Controversial Arab broadcaster Al-Jazeera is planning an English-language channel as part of an ambitious expansion scheme.
The English venture will launch in May, and will be followed by new sports and children's stations as Al-Jazeera seeks to boost its ad revenues. In addition, the broadcaster is this week opening a media training and development centre to give public relations advice to companies operating in Arab countries.
The eight-year-old TV firm -- which shot to international fame after broadcasting tapes recorded by Osama bin Laden -- was bankrolled by the Emir of Qatar until 2001, but has had to fund itself ever since. It is yet to make a profit, despite pulling in nearly 35 million viewers daily.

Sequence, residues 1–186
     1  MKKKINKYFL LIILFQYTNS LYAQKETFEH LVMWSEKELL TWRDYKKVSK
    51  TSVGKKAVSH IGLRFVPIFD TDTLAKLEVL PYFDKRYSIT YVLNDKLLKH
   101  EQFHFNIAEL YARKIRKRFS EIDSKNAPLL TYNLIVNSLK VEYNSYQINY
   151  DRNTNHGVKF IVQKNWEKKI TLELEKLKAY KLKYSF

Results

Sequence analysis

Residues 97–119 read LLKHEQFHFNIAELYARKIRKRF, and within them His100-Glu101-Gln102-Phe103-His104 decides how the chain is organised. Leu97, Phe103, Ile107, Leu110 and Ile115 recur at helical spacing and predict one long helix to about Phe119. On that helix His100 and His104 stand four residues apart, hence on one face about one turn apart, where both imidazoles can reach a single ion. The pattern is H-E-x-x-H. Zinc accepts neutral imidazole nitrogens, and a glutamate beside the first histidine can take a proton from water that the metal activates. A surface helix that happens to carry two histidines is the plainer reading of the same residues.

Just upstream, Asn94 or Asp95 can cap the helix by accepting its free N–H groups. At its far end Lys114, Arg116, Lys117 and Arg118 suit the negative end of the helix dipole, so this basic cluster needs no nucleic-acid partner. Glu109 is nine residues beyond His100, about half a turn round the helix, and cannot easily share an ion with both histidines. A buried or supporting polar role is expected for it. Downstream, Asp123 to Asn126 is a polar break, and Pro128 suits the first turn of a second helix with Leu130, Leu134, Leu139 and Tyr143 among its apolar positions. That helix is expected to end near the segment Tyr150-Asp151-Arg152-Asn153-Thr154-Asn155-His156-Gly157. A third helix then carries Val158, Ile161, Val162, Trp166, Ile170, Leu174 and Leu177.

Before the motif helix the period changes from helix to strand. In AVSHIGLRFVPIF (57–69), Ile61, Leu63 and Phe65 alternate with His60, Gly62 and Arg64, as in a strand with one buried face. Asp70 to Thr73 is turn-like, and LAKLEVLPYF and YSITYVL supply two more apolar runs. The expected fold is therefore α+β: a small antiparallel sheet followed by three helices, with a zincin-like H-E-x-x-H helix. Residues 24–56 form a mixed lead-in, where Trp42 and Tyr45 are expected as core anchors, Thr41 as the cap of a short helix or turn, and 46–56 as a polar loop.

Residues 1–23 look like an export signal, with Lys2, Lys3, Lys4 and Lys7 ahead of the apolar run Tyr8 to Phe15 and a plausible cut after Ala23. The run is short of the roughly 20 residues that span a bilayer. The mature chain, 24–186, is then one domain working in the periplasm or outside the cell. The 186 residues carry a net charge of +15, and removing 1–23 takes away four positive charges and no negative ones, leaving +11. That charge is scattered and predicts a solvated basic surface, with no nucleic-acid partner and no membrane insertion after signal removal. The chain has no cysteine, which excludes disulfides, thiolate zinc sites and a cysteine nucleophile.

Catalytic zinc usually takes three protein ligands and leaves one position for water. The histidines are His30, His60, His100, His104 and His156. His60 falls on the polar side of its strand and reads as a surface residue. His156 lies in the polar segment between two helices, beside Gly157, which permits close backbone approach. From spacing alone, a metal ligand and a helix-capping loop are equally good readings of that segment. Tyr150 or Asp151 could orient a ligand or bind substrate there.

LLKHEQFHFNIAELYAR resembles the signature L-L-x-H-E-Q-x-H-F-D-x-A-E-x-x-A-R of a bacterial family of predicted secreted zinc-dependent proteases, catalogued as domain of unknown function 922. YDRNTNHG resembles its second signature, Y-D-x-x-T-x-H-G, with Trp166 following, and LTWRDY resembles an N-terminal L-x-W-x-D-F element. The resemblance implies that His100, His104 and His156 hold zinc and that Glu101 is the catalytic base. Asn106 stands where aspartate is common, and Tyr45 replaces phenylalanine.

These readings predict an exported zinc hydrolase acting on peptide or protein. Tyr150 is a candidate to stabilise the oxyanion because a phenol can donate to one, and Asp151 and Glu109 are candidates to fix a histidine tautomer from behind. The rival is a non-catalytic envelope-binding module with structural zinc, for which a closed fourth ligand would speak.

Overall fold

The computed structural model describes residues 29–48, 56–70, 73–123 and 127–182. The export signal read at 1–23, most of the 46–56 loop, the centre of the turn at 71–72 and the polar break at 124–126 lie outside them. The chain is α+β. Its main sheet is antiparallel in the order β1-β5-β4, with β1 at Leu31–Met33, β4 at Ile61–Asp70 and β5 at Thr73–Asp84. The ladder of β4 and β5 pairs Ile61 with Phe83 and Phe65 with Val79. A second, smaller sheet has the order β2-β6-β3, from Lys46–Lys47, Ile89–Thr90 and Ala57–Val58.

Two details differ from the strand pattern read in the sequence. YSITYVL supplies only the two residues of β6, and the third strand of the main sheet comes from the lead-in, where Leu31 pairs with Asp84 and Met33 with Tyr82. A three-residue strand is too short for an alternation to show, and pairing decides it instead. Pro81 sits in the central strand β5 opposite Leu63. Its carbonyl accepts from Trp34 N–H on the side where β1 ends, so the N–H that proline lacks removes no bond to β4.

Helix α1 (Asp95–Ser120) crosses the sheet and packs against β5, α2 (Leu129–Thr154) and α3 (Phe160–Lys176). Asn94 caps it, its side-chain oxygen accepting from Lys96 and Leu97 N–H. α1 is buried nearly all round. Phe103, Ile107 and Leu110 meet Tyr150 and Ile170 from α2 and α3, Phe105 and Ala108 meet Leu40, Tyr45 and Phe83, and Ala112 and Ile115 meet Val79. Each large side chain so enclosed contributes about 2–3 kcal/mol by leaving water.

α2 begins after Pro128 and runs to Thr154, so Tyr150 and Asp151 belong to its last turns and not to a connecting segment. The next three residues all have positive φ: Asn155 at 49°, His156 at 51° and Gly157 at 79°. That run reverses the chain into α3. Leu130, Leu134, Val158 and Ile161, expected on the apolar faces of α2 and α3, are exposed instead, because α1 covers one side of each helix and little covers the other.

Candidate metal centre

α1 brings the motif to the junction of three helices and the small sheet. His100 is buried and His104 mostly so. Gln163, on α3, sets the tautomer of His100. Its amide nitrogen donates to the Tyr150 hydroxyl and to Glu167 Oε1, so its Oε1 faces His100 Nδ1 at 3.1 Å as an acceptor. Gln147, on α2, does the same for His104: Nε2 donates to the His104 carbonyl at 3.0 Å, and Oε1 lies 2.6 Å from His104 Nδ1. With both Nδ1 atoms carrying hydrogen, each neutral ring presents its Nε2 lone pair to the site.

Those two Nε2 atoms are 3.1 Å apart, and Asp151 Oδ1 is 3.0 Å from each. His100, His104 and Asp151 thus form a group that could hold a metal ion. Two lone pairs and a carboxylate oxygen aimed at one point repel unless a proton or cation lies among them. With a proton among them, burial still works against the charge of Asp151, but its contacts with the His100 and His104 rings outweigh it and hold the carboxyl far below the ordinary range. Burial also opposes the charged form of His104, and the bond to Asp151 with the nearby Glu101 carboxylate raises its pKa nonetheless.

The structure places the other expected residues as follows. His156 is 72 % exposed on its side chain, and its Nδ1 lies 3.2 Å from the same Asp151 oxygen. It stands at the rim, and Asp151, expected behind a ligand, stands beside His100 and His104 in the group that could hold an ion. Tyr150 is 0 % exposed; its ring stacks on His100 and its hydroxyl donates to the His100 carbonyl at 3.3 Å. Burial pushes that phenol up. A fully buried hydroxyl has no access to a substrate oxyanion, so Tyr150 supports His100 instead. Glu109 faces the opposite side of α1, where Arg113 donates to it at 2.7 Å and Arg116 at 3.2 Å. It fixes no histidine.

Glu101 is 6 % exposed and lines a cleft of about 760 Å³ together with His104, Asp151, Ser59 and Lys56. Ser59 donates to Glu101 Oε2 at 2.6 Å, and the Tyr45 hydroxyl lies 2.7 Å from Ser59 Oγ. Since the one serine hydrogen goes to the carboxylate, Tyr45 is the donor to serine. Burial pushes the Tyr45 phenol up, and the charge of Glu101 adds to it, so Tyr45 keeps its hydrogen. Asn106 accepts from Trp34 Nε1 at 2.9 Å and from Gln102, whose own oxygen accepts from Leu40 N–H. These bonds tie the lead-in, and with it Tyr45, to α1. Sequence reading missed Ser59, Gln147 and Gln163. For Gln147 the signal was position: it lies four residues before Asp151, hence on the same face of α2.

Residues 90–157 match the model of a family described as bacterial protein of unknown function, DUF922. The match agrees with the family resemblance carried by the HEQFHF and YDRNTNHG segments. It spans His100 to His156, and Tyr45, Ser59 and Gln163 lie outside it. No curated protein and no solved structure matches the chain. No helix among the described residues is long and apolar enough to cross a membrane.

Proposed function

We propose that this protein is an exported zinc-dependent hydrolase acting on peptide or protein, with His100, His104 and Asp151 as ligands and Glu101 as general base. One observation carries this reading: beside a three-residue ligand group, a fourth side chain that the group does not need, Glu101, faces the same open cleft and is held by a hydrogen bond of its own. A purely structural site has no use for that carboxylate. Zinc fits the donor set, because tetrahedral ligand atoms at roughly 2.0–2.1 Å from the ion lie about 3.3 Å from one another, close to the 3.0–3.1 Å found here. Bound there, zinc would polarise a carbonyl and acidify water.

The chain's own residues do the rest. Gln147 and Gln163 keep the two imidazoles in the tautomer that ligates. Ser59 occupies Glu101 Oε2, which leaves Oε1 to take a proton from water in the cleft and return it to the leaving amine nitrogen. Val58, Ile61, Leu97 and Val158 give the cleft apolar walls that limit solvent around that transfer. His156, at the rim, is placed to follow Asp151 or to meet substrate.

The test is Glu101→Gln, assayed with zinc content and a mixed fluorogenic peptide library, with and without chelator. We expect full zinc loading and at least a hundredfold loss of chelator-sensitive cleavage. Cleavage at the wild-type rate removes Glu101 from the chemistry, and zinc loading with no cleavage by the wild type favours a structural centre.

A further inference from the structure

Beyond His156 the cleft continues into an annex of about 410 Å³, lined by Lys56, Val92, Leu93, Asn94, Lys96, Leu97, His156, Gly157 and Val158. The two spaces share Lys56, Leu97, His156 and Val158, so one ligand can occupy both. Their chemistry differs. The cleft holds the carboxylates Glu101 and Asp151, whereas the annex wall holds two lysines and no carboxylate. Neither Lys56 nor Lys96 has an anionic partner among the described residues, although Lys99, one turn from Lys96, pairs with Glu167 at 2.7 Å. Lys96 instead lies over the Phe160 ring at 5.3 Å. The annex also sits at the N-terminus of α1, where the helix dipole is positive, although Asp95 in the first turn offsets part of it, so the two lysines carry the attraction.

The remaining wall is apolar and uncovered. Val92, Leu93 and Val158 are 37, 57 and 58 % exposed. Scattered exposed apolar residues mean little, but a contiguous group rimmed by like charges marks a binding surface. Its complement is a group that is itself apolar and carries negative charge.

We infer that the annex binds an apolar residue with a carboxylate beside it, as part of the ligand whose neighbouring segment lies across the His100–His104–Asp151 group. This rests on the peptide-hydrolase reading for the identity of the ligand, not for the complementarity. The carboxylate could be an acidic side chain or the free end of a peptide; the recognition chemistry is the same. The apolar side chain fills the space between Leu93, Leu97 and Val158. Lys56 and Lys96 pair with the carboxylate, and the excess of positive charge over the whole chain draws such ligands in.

One reason for its cash shortage is that Al-Jazeera's editorial stance has alienated advertisers. Although the broadcaster is demonised in parts of the West for its connections with bin Laden, it has also come under fire in Arab countries for airing interviews with Israel's prime minister Ariel Sharon and American secretary of state Colin Powell.
"Agencies are boycotting us," managing director Wadah Khanfar complained recently. "A lot of companies are not putting adverts in our organisation because most of them are owned or at least hosted in certain countries that are not happy with us, like Saudi Arabia."
Data sourced from: MediaGuardian.co.uk; additional content by WARC staff